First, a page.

What is separation anxiety?
Separation anxiety disorder is a specific phobia and a type of anxiety disorder. It’s normal for young children to be anxious when away from their parent. However, this can become a more serious condition, that doesn’t go away, called separation anxiety disorder.
What are the symptoms of separation anxiety?
If you or your child have separation anxiety, you may have:
- panic around separation
- separation avoidance
- stomach pain
- social anxiety
- intense and ongoing distress
- disruption to your work or schooling or social events (such as parties)
What causes separation anxiety?
In children, separation anxiety is a common part of growing up. Your baby will develop fears as they become more mobile. This ensures that they don’t get lost or separated from their family. It tends to reach its peak in children aged 14 to 18 months old.
Adults can also have separation anxiety. This can start in adulthood or persist from childhood. Adults with separation anxiety disorder have difficulty leaving someone they’re close to, even for a short time. This can lead to panic attacks when they are separated or thinking about being separated from someone. They may also avoid being away from their loved ones at all.
When should I see my doctor?
If you’re worried about your child’s separation anxiety, you can talk to a doctor, paediatrician, or school counsellor.
If you think you have separation anxiety, see your doctor. They can give you a mental health plan and refer you to a psychologist.
How is separation anxiety diagnosed?
To diagnose separation anxiety, your doctor will ask you or your child some questions.
Separation anxiety disorder is defined as:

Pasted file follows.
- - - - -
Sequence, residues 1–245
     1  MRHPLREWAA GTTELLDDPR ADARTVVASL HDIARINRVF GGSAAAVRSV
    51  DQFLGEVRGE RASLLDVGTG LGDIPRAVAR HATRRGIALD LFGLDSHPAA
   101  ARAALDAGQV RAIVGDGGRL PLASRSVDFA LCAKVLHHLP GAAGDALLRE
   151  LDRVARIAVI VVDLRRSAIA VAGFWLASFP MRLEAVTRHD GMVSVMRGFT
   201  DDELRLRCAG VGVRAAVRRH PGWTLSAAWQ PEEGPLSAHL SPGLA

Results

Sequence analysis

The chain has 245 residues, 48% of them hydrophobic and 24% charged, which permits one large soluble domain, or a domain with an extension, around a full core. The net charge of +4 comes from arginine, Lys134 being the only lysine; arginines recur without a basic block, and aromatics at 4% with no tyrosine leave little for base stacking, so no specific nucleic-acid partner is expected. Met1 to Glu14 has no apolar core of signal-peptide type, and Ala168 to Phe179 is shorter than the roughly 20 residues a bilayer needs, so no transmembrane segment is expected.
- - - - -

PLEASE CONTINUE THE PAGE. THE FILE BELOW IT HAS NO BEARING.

- anxiety that interferes with your life, and your loved ones’ lives
- more severe anxiety than what is typically expected in a situation
- being the same for at least 4 weeks
For adults, separation anxiety disorder usually occurs with other mental illnesses such as:
- panic disorders
- anxiety disorders
How is separation anxiety treated?
Separation anxiety treatments for children
If your child has separation anxiety, you can adopt the stepladder approach.
This process takes steps that:
- match your child’s anxiety level
- improve your child’s coping skills while separated from you
This is achieved through support and reward.
The first step may involve short-term. Eventually, this approach will help your child cope with longer separations. You can find examples of the stepladder approach through the Centre for Emotional Health.
Separation anxiety treatments for adults
To treat separation anxiety in adults, the first step is to speak to a doctor or mental health professional. They can give you a treatment plan that will start with educating you about anxiety and may involve exposure treatment. This is a type of cognitive behaviour therapy (CBT) that is often used to treat phobias. Exposure treatment slowly makes it easier to manage your triggers.
Treatment may also include antidepressants and anxiety medication.
Advice for carers
A person with separation anxiety can be affected by those around them. It is important to educate their:
A doctor or psychologist can offer care and advice to the families of people with separation anxiety.
Resources and support
Find support and more information about separation anxiety from This Way Up.
Call Healthdirect on 1800 022 222 to speak with a registered nurse. The line is open 24 hours, 7 days a week (known as NURSE-ON-CALL in Victoria).
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Last reviewed: August 2022